Ans. I tried to put my memories of the last thirty years that I spent on the campus of the University. The readers may find what they want. I do not want to say anything to the readers.
Q. You do not seem to subscribe any of the theories currently in fashion- Structuralism, Post-Structuralism, Deconstruction etc.
Ans. Two answers are possible. The new theories are applied to language and not to literature. Criticism becomes one sided. We must learn from all the disciplines.
Q. In light verse, you not only reveal yourself as a poet but also as a critic. It is a rare combination of a poet’s vision and a critic’s authority. Do you agree?
Ans. I can only say that I am fascinated by light verse; I have read E. C. Bentley and Edward Lear. Light verse naturally came to me and applied the technique to Indian light verse.
Q. How do you react to the title. “Big Three” of Indian Criticism in English? How do you compare yourself with K. R. Srinivasa Iyengar and C. D. Narasimhaiah? In what way are you different from them?
Ans. Label-sticking is a pastime. There is no meaning. Iyengar and Narasimhaiah are stalwarts. Indian Writing in English was the result of
Iyengar’s lectures that he gave at the University of Leeds. He was a pioneer in the field. Narasimhaiah introduced Indian Writing in English in most of the Universities of India. Narasimhaiah introduced Kanthapura at the university and college levels. I have tried to be a balanced critic of Indian Writing in English.
Q. It is not fair to ask you about the main features of your style of writing. Shyamala A. Narayan has written much about your style. Do you want to say anything about your style, that Shyamala A. Narayan has missed in writing?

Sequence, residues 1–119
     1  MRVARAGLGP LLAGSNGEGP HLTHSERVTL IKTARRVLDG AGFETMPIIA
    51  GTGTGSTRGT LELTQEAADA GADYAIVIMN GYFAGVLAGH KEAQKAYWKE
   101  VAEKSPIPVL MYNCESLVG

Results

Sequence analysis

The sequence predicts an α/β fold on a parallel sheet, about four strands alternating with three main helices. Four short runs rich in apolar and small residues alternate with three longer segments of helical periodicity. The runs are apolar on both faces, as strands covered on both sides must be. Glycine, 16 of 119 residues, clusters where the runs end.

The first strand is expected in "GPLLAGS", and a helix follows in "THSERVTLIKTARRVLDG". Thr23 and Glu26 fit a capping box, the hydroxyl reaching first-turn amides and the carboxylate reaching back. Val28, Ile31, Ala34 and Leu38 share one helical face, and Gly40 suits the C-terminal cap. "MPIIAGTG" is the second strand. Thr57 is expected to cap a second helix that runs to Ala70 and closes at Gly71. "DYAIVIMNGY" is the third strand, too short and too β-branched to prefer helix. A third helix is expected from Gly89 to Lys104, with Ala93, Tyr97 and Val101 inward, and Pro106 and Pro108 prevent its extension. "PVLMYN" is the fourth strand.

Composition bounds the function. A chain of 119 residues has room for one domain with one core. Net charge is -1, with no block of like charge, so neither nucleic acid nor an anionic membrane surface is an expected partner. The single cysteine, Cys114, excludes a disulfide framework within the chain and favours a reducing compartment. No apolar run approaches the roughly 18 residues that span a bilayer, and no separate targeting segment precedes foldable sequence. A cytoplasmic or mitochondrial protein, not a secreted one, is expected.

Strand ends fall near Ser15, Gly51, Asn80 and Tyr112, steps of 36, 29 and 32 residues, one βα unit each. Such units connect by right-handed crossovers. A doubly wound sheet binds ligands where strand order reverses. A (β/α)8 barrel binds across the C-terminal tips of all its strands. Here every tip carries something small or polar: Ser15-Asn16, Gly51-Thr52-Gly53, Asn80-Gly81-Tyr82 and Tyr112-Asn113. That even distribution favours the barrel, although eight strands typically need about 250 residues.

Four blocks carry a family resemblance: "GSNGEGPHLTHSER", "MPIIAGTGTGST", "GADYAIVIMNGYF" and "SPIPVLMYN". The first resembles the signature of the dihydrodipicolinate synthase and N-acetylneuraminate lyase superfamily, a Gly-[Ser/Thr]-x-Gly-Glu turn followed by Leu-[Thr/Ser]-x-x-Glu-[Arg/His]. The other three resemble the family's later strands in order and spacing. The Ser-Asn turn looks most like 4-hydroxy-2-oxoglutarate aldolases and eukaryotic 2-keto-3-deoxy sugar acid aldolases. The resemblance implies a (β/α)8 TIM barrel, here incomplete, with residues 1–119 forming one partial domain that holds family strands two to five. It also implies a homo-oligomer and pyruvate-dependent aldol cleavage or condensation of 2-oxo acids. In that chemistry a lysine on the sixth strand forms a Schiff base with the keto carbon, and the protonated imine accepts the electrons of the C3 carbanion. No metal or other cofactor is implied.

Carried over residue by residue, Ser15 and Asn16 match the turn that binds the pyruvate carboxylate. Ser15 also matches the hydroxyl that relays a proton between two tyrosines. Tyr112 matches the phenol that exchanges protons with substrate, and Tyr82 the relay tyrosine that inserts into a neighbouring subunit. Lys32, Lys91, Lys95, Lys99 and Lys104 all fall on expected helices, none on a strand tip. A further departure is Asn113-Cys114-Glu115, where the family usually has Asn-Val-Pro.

Ans. Shyamala A. Narayan has inevitably done a thorough job. My style is lucid, clean, brief and to the point. I am influenced by Somerset Maugham, B. Russell and Lukacs.
Q. It is said that there is always a woman behind the great man. What is the contribution of your ‘captain’s captain’ in your academic career?
Ans. The contribution of my ‘Body guard’ is in two ways – I am a kind of academic person. She never disturbed my work, nor do I in her. She pursued her own ways, her own inspirations. Second, she is a student of Marathi literature. She helped me in the translation work.
Q. Do you feel the sense of fulfillment now?
Ans. I have a sense of fulfillment. I am reminded of an apple-picker in Robert Frost’s “After Apple-Picking”. The apple-picker has done the day’s job, yet he has by him an empty barrel and there is a bough he has not picked upon. But he is tired completely. The scent of the apples is heavy on him and he must now run home and drowse off. My sense of fulfillment is similar to that of the apple-picker.
Q. What message would you like to give to the budding critics?
Ans. I admonish the budding critics to put their findings in a very useful and remarkable manners.
Q. What are your plans of writing now?
Ans. Now I am 84. I look forward and not backward. I have done a lot in fiction, criticism. I have not done much for short stories. Now I am planning to write short stories. I have already written seven short stories, based on Indian legends and mythologies. My stories are historical and mythological.
The interviewer concludes his interview with these words : Sir, you are now 84 years; God bless both of you and prolong your life.